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In this course, photographer Ben Long describes the concepts and techniques behind high dynamic range (HDR) photography, a technique used to create images that have a wider range between the lightest and darkest areas of a scene than a digital camera can typically capture. The course begins with some background on dynamic range, on how camera sensors detect shadows, and on the kinds of subjects that benefit from HDR. Ben then describes and demonstrates several methods of generating HDR images, starting with single-shot HDR, which relies on masking to subtly enhance the dynamic range of a shot. Next, the course covers multi-exposure HDR, which involves shooting several photos of a scene, each at a different exposure, and then combining them using software tools. Ben demonstrates how to use Photoshop and the popular Photomatix software to process HDR images whose appearance ranges from subtle to surreal.
When you encounter a scene with very high dynamic range, there are several different ways that you can choose to handle it. In Foundations of Photography: Exposure we looked at three ways of handling backlight situations. Fill flash, intentionally overexposing, or using a different metering mode. These options will help even out the exposure, so that your foreground element is well exposed, but they won't necessarily capture the full dynamic range of your scene. Depending on your image, you might still have an overexposed sky or an underexposed shadow area in your scene somewhere.
If you want to really capture more dynamic range, then you'll need to resort to one of these tactics. First, you can try to assess if there's really a picture to be had. There may not be, because it may simply not be possible to capture a usable image in some situations, especially if you're shooting into bright lights or something which can cause bad flare on your lens. Hopefully though, you'll find that one of these alternatives works. If you're shooting a landscape or another type of image where the very bright part of the scene is delineated by a horizon like line, then you can try fitting your lens with a Graduated Neutral Density filter or ND filter.
An ND filter cuts out light without altering any of its properties and a Graduated ND filter performs this cut through a gradient, so there's a lot of cut on one side of the image and a smooth transition through to no cut on the other. This will dim the brightest parts of the image, effectively reducing the dynamic range back to something that your camera can capture. Because it's a graduated effect, you won't see any kind of harsh dividing the line. Now what's tricky about a graduated filter is that it can be hard to get that boundary of filtration positioned just right, and anything in your scene that sticks up into the bright part of the image, or a building sticking up in front of the horizon for example, that'll also get filtered.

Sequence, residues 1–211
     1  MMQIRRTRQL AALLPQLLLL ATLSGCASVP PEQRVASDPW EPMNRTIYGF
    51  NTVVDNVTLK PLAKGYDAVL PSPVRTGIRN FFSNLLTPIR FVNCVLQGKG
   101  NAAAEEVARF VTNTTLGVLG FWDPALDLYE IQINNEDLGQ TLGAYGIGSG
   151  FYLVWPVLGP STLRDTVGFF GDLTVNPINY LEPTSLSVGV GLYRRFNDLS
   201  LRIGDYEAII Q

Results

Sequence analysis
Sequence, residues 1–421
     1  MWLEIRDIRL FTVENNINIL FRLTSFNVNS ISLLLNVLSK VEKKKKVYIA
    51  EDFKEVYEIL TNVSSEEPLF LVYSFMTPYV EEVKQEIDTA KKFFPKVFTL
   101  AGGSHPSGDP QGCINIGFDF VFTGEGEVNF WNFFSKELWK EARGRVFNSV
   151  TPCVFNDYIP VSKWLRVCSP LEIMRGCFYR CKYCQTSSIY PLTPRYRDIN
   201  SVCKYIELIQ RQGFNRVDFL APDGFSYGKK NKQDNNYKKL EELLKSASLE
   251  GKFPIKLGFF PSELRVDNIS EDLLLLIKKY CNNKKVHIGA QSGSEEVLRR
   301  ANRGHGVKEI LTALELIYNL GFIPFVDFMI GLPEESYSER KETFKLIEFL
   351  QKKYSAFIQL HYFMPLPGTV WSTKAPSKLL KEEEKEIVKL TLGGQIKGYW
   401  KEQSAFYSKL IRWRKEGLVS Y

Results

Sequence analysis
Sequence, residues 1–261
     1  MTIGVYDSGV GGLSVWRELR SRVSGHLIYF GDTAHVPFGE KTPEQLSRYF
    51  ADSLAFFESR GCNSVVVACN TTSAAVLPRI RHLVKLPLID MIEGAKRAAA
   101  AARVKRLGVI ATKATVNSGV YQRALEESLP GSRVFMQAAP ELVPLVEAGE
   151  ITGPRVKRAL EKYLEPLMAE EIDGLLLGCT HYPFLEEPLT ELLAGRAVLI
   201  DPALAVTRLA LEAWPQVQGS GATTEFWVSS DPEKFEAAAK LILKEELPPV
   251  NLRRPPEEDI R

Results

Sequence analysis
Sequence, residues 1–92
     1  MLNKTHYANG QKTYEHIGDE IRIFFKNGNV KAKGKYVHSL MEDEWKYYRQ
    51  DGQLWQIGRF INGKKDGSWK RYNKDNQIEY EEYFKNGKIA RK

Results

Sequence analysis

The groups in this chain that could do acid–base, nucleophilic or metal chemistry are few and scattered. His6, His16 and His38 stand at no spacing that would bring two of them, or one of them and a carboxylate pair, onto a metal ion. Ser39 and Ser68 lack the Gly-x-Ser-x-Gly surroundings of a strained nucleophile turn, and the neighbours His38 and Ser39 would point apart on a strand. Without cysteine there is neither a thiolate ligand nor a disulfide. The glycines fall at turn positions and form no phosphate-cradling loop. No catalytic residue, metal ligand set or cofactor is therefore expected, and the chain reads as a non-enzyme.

Still, if you shoot a lot of landscapes, carrying a Graduated ND filter is not a bad idea. Another option is to shoot the image like you normally would and then use your image editor to restore the part of your image that's beyond your camera's dynamic range. For example, here's an image we're going to work with later when we get to the postproduction portion of this course, wherein we darken the sky and make some other changes to fit the full dynamic range back into our image. If you're going to this, then you want to expose for the highlights.
That is, expose so that the highlights in your scene are not overblown. This means that the bright bits will look good so you'll be using your image editor to brighten the dark parts of the image. Doing this we require masking and an understanding of tonal adjustments in your image editor. Now the advantage to this technique is that you can shoot the way you always do, but disadvantage is that that masking bit can be tricky. If you need to mask around trees or flowing hair or something partially transparent or any other difficult masking subject. Any of that's going to put you into a lot of hard work.
Also, as we learned, because of the nature of linear image capture, really dark shadow areas often don't have much image data in them and they might be noisy. So you may only be able to brighten those areas so far before you exaggerate noise or introduce other visible artifacts of some kind. Another option, shoot two exposures, one exposed for the brightest part of the image and another exposed for the darkest, then you can take those two images into your image editor and composite them, so that you take the best bits from each.
This will allow you to have extreme highlight and shadow detail in a single final image. Now performing that composite is going to require masking to get the images to blend together. So again, if you've got difficult masking subject matter, leafy trees or hair or fluffy animals or waving wheat, you might have a difficult time creating an effective mask. Also, if there's something in your image that's moving, you want to make sure that it's not located on that scene where you're going to blend your images. These are all valuable techniques and we'll look at all of them in this course, but there is one more process that's significant enough that it gets its own movie.
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